Air conditioners can shut down if fine filters restrict air flow. The air conditioner is also stressed by a dirty filter that slows down air flow, making the system work harder. Also, your system may not be able to deliver enough heating or cooling to the house. Or just the far one or two rooms get uncomfortable.
MERV is a rating of a/c and furnace filters and that standard compares filters. Different material have pores much smaller, to allow the filter to remove pollutants, creating more resistance that wears the equipment. The deeper pleated filters allow the dirt to be spread over a larger surface area, reducing pressure drop and making it possible to change the filter less often without significantly affecting system performance.
Blocked filters make it harder to keep you warm or cool—wasting energy. A clean filter will also prevent dust and dirt from building up in the system.
Some air conditioner filters with a high MERV rating can drop air pressure in your duct system, which can increase energy bills and damage your HVAC system.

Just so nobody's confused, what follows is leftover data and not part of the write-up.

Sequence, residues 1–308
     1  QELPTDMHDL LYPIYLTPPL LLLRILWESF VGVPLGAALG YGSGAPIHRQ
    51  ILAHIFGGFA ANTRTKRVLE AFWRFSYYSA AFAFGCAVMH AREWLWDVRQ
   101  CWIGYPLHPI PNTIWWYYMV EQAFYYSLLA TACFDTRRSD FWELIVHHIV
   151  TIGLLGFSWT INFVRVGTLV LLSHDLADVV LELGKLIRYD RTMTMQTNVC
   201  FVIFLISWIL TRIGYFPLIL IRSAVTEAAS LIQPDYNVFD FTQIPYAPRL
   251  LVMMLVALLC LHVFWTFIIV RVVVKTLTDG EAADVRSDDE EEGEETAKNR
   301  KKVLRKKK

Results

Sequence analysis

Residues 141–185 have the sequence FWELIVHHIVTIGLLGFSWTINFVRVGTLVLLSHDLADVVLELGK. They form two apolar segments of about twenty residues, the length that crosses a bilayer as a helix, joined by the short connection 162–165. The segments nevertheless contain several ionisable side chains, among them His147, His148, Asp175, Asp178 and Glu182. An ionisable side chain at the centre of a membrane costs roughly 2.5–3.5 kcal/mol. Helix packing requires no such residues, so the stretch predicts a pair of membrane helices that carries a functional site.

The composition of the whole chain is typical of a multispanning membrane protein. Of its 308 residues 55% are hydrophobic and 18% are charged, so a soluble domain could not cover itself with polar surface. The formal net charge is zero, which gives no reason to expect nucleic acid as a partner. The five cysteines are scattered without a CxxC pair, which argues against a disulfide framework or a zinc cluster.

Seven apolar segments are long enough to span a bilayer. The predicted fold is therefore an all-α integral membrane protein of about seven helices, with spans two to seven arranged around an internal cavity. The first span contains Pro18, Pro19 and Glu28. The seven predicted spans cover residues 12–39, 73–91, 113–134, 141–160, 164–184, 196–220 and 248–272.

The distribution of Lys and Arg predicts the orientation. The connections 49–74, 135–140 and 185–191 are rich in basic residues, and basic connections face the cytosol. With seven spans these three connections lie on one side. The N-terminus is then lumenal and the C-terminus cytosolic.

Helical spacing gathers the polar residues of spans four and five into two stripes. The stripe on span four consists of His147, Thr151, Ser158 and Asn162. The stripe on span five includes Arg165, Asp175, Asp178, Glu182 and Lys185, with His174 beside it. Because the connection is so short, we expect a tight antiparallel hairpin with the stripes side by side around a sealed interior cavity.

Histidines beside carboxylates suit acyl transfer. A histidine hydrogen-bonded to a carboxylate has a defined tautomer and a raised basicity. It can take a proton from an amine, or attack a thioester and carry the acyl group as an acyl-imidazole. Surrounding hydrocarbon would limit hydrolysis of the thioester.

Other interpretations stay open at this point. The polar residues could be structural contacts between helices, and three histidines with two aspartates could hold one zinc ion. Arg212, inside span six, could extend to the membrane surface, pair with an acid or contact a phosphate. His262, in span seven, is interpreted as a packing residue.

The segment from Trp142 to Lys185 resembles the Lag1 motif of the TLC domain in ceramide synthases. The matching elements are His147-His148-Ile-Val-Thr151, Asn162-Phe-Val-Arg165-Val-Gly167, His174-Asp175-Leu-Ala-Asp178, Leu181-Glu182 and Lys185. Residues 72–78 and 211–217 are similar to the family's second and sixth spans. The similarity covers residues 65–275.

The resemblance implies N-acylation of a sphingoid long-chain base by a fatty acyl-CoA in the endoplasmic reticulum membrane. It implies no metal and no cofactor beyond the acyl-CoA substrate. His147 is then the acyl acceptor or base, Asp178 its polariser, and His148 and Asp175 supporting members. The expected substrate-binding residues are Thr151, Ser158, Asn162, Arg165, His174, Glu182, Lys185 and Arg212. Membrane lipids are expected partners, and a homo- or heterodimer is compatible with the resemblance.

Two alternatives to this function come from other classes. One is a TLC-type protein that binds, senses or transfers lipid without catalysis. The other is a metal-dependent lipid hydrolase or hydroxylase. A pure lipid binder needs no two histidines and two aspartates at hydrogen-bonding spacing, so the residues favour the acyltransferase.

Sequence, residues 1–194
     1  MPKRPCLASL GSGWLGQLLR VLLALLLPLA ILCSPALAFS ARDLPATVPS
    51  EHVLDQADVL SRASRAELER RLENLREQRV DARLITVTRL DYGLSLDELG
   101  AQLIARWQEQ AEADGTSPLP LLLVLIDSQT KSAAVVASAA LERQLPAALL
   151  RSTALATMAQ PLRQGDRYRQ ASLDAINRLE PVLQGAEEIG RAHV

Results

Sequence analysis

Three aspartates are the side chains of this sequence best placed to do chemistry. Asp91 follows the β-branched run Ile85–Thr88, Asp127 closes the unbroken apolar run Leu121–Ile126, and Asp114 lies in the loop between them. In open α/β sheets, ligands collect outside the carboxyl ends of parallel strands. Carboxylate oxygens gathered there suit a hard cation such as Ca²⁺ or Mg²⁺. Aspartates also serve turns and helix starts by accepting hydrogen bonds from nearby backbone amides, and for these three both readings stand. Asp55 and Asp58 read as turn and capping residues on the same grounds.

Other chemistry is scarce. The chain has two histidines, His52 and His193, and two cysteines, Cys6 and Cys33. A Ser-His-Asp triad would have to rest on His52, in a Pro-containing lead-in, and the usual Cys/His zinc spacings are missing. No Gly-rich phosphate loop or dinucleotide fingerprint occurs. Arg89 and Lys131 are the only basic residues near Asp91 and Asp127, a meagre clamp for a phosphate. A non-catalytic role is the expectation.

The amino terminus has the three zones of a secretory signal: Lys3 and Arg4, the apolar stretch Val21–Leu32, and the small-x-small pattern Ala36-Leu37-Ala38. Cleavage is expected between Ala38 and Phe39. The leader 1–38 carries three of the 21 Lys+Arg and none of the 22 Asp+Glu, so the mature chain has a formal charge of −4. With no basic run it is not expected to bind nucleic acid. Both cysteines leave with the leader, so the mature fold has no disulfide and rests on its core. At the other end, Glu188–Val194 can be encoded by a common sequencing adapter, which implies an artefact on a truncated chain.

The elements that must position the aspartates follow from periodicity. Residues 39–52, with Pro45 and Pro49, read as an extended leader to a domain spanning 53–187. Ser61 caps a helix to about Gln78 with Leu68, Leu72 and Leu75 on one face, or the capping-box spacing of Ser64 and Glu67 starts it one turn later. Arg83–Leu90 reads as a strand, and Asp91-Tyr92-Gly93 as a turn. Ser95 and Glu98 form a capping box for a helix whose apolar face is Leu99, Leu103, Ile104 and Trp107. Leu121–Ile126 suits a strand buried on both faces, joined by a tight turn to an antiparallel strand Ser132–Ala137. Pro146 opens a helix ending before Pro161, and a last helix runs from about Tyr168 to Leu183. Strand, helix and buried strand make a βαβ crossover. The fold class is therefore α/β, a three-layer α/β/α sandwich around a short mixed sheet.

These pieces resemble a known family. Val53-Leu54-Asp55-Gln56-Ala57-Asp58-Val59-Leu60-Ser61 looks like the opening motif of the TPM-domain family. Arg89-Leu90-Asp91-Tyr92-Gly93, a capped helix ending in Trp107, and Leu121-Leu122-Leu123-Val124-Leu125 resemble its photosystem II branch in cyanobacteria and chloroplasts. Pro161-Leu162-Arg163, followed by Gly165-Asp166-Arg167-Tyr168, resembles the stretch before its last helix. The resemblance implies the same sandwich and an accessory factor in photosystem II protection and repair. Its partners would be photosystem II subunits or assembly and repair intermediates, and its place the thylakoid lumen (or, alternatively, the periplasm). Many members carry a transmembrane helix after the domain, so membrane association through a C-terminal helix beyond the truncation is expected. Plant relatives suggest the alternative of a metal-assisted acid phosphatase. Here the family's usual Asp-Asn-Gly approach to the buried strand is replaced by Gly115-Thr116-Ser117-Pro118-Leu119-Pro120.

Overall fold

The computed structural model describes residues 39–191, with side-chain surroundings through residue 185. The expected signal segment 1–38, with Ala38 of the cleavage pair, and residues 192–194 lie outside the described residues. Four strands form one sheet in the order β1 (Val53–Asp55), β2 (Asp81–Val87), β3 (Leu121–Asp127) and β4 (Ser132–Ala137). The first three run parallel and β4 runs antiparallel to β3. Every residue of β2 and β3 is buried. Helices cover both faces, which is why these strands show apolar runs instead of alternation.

For example, a 13 MERV filter is 1 inch thick. Because the filter is thin and the MERV is high, it reduces airflow into the duct system, and will quickly fill up with particles and block airflow. But if the filter was thicker 2 inches, it would have more surface area to allow more room for air to pass through and not restrict air flow.
MERV, minimum efficiency reporting value, is the standard that measures the effectiveness of air conditioner filters. Fine filters mean smaller pores to remove pollutants, creating resistance stress that wears out the equipment. Then the filter starts to get dirty creating more resistance. Many air conditioner manufacturers recommend using an air filter with an 8-9 MERV rating to balance the filtering air allergens with the cost and stress on the HVAC system.
The MERV rating scale range is 1-16.
Low quality fiberglass filters are 1-4 MERV.
Residential systems will use air filters with MERV ratings from 7-12.
Commercial buildings are higher at MERV range of 5-16.
High-Efficiency Particulate Air (HEPA) filters in hospitals and research labs are at 13 -16.
Higher MERV rated filters have finer holes to stop allergens. But, the smaller the hole lets less clean air can pass through the HVAC system. Even less clean air passes through as it gets dirty. Restricted air flow puts stress on the fan and compressor, is less cool, and costs more to operate longer. Low range filters, 5-8 MERV, screens common household allergens like dust, pollen, mold, and pet dander.
Mid range filters, 9-12 MERV, screens cigarette smoke.
Many manufacturers recommend using at 8-9 MERV rating, you maximize filtration of the environment and expense of operational costs and equipment stress.